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Real-name SIM cards registration creates serious loopholes on the violation of human rights, increases risk of privacy infringement

19 Mar

Real-name SIM cards registration creates serious loopholes on the violation of human rights, increases risk of privacy infringement

In Jan 2021, the Communications and Creative Industries Branch of the Commerce and Economic Development Bureau (CEDB) is consultation paper to seek the views on a proposed real-name registration programme for subscriber identity module (SIM) cards (the Programme). The deadline of the submission will end on 20 MAR 2021. Amnesty International Hong Kong (AIHK) expresses grave concern on the impacts on human rights arising from this Programme, which does not constitute a justifiable interference with the rights to privacy and freedom of expression, and thus will hand in a submission for this consultation.

Rights to one’s privacy is safeguarded by Article 17 of “International Covenant on Civil and Political Rights”, which “no one shall be subjected to arbitrary or unlawful interference with his privacy… Everyone has the right to the protection of the law against such interference or attacks.” Since the Programme involves the collection of bulk personal data from all mobile users in Hong Kong, it may lead to non-discriminate mass digital surveillance over the public and will bring risks of violation of civil rights to privacy.

Many human rights organizations and experts have pointed out that real-name registration programme involved mass monitoring, interception, collection, storage, or other use of communications material of individuals or groups, would increase the difficulty of communicating anonymously – a crucial enabler of the right to privacy.

The rights to freedom of expression with a zone of privacy provided by anonymity should be protected according to the “Universal Declaration of Human Rights” and the “International Covenant on Civil and Political Rights”. As stated in the Report of the Special Rapporteur on the promotion and protection of the right to freedom of opinion and expression by David Kaye in 2015, mandatory SIM card registration provides governments with the capacity to monitor individuals and journalists well beyond any legitimate government interest, hindering not just the rights to freedom of expression but also rights of peaceful assembly and association. The report also indicated that the government ‘should refrain from making the identification of users a condition for access to digital communications and online services and requiring SIM card registration for mobile users.’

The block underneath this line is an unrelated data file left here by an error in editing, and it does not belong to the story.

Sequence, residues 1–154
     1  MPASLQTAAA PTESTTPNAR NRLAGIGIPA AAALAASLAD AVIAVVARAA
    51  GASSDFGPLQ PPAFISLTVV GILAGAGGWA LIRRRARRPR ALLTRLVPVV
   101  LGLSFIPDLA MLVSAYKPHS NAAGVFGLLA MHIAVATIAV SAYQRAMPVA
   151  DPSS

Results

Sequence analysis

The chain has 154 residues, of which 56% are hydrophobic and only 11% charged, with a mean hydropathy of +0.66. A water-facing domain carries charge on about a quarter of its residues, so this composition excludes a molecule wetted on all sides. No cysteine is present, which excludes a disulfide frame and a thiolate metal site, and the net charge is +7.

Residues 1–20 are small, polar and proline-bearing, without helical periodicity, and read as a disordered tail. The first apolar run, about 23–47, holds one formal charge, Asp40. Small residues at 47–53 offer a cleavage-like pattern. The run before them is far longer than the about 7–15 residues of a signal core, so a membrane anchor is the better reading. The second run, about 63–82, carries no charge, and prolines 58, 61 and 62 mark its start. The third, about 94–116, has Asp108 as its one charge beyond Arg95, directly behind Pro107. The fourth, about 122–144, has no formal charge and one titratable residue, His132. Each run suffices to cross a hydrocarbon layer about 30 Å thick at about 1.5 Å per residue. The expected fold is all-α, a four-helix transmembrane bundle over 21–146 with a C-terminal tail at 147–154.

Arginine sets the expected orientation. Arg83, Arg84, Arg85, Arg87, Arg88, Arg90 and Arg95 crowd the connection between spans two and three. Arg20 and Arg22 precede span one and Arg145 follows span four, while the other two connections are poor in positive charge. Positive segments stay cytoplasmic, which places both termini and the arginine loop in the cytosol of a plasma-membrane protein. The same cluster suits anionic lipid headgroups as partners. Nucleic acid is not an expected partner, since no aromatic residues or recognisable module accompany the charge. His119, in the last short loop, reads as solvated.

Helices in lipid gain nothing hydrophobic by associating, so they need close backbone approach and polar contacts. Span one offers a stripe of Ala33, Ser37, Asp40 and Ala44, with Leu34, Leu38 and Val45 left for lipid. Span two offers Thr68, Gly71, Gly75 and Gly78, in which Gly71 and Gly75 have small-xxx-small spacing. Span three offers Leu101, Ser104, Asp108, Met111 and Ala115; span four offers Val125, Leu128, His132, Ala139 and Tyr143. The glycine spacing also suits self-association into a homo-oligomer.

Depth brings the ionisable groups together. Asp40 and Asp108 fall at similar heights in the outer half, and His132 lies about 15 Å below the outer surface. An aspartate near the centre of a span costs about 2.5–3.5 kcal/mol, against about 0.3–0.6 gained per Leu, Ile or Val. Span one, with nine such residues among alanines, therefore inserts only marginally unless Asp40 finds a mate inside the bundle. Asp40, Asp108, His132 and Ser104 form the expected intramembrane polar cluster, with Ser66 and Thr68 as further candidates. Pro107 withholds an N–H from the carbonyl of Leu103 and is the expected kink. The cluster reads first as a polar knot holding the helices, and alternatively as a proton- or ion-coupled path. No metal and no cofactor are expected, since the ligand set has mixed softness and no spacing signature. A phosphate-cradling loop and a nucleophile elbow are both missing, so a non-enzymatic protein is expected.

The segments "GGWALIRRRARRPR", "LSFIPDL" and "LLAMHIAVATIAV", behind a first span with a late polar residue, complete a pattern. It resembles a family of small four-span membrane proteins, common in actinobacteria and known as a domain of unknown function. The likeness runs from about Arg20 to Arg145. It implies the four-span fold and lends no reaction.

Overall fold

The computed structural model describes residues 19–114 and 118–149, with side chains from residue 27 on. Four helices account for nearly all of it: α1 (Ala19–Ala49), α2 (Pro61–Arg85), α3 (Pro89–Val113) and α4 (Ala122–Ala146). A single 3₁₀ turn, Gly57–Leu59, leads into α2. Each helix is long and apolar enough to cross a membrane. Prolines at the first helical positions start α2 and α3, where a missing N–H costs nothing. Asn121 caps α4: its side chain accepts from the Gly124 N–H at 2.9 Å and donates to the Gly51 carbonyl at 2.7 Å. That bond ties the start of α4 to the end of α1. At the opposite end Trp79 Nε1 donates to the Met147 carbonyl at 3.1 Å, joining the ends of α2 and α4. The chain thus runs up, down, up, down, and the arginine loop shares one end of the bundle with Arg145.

The protection on the personal data and individuals’ privacy provided by the legal frame is far from adequate even though the government emphasizes that the Programme will be safeguarded by Personal Data (Privacy) Ordinance (‘PDPO’). Meanwhile, the focus of the provision by the government is mainly on the potential use for crime prevention purposes. However, security does not relieve the government of the obligation to ensure respect for international human rights law, including the protection of rights to anonymity. Thus, David Kaye indicated in his report that, ‘if they (the restrictions on anonymity) interfere with the right to hold opinions, restrictions must not be adopted.’